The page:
PIRATES OF THE CARIBBEAN, DIRECTED BY GORE VERBINSKI
A rarity: the hack blockbuster that actually entertains and surprises. Johnny Depp could have sat back and let his role go broad, but his Jack Sparrow is a figure of sympathy and humor. Geoffrey Rush could have chewed the scenery, but his Barbossa is intelligent and dastardly. Everyone else follows suit, even the director, who rises above his usually aggressive competency to deliver rousing fun in the summertime. Chronically opposed to handing Verbinski compliments, I give a lot of credit to a smart script and a good effects team. But fair is fair. The film could have been a lot more lazy, but for once the creative types decided to push themselves. B

TERMINATOR 3, DIRECTED BY JONATHAN MOSTOW
Where John Connor was the worst part of the last movie, he's the best part of this one. Nick Stahl has been great in everything from In the Bedroom to Bully, and he's more than passable as this textbook anti-hero. And being no Cameron devotee, I wasn't set to hate Mostow's direction. After all, at their heart U-571 and Breakdown were well-made retreads, and so he's perfect to do a sequel for this threadbare franchise. For a film that has no reason to exist, this is solid work. Better than Return of the Jedi. Better than Back to the Future III. Now stop. Please. B

MONK
Tony Shalhoub, Tony Shalhoub, Tony Shalhoub, Tony Shalhoub. OK, with that out of the way, what else is there? A show armed to the teeth with quirks. Writers who devise mystery plots barely as challenging as an Encyclopedia Brown whodunit. Side characters who will hopefully grow as the series continues. It all boils down to Tony Shalhoub, Tony Shalhoub, Tony Shalhoub, Tony Shalhoub, which is enough. But they shouldn't let that Golden Globe go to their heads just yet. B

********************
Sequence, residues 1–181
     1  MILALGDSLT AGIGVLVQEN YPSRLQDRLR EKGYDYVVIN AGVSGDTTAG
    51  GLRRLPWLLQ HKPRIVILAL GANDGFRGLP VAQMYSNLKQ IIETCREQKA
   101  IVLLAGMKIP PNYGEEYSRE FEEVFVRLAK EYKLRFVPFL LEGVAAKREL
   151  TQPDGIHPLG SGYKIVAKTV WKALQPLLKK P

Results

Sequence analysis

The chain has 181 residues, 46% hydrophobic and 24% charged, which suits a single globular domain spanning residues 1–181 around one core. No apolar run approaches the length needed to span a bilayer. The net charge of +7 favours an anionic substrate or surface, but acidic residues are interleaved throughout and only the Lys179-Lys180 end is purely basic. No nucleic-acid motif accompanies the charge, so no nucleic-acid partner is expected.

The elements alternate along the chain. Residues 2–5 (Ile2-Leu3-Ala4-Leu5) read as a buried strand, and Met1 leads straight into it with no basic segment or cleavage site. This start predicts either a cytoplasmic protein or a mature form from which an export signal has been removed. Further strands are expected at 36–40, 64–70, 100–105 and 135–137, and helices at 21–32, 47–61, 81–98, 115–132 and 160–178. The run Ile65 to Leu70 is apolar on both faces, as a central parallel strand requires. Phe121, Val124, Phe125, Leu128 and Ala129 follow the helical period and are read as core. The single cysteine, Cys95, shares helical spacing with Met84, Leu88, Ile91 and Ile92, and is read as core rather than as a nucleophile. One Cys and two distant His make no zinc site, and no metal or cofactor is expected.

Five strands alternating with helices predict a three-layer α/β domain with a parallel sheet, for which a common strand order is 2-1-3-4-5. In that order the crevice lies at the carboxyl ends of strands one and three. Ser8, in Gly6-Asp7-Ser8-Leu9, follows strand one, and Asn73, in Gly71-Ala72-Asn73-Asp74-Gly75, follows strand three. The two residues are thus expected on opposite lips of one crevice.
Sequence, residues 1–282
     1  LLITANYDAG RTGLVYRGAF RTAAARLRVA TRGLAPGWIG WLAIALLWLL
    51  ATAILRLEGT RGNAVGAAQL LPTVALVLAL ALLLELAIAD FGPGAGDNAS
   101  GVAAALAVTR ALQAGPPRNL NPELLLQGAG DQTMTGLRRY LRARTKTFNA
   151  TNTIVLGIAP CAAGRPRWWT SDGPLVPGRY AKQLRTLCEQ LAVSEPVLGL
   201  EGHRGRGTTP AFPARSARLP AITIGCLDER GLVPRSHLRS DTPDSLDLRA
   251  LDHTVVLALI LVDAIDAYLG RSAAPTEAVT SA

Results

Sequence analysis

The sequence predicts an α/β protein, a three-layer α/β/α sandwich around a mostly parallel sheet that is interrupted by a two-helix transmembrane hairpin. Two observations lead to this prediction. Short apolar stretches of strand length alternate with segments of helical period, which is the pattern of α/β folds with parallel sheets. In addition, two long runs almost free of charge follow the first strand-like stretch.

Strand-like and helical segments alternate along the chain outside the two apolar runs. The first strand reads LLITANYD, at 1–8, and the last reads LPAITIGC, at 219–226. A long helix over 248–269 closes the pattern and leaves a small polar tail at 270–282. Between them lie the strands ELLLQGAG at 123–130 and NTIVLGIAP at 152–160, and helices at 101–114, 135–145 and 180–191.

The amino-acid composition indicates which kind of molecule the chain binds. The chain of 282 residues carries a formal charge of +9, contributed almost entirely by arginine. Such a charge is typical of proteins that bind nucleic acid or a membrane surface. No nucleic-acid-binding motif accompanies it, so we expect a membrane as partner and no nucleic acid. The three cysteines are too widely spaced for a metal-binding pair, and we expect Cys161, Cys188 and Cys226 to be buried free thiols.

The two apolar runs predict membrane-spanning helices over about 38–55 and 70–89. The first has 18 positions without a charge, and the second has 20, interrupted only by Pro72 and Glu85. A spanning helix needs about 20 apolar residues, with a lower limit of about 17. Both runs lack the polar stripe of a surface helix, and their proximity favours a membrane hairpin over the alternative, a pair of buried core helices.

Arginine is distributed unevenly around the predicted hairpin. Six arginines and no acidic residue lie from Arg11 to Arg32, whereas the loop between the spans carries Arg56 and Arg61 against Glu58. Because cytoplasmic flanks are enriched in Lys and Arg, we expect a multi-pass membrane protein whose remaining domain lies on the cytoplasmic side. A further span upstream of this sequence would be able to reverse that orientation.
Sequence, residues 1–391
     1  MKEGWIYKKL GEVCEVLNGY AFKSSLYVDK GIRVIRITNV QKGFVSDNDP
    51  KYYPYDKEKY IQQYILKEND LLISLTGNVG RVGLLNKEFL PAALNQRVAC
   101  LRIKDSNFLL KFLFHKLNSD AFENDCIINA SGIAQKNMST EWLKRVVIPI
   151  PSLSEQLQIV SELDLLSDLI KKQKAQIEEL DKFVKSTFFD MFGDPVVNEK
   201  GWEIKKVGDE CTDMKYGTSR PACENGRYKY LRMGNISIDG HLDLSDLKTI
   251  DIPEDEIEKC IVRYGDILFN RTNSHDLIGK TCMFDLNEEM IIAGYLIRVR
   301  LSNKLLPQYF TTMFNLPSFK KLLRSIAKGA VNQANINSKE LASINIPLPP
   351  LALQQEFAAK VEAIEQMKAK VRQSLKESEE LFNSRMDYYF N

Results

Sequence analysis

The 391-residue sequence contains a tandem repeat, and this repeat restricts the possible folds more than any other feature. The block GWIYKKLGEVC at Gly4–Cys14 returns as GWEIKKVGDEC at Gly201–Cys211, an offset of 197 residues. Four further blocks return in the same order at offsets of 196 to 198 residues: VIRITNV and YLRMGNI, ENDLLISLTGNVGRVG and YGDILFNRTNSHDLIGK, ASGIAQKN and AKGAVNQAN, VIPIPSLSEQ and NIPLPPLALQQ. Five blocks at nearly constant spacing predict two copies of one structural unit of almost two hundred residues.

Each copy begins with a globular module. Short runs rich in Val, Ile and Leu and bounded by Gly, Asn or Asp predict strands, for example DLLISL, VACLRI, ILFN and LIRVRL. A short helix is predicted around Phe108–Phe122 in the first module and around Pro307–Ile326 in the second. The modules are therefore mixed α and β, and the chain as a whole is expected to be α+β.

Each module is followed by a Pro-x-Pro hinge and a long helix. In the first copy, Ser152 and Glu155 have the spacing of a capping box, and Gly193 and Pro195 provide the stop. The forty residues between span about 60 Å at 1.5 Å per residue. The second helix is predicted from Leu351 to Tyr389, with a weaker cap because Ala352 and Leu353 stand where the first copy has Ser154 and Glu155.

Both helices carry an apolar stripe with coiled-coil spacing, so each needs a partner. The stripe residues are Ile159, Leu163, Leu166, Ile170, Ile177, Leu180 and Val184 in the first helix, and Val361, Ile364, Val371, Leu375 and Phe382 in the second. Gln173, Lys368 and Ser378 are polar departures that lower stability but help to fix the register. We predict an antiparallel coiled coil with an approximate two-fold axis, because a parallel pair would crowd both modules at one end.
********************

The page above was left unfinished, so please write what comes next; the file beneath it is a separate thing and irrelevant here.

GOOD THINGS.

FOUNTAINS OF WAYNE "WELCOME INTERSTATE MANAGERS"
Look, you've outgrown emo. And bands with dorky names. And self-deprecating singers. You're way past college. You work a job you hate because you have big debts. And so here's the band for you. The trick to this New York group's great step up is embracing the mundane real world. Beyond caring about some bullshit quarterlife crisis nonsense, they offer a range of musical styles and emotional responses. Losers working for their dad and pining for the girl who got away -- Fountains of Wayne respect you and sympathize. Girlfriends who stick around through the malaise -- hell, even the ones who don't -- get the attention they deserve. Used to be that the Star Trek references were cheap jokes from a life of easy privilege. Now, they're a meager way to buffer yourself from outright depression. Same for the New Wave and Oasis homages. Alas, one more CD that's too long for its own good. But, then again, it's just another way this band demonstrates their generosity and huge heart. A-

 

BAD THINGS.

BERNIE WILLIAMS "THE JOURNEY WITHIN"
For the Yankee fan in your life who likes Santana but thinks he's just too gosh darn loud these days. C-

 
 

 

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*BT*

Tim Grierson is an editor of The Simon, a weekly online publication of culture, politics, and humor.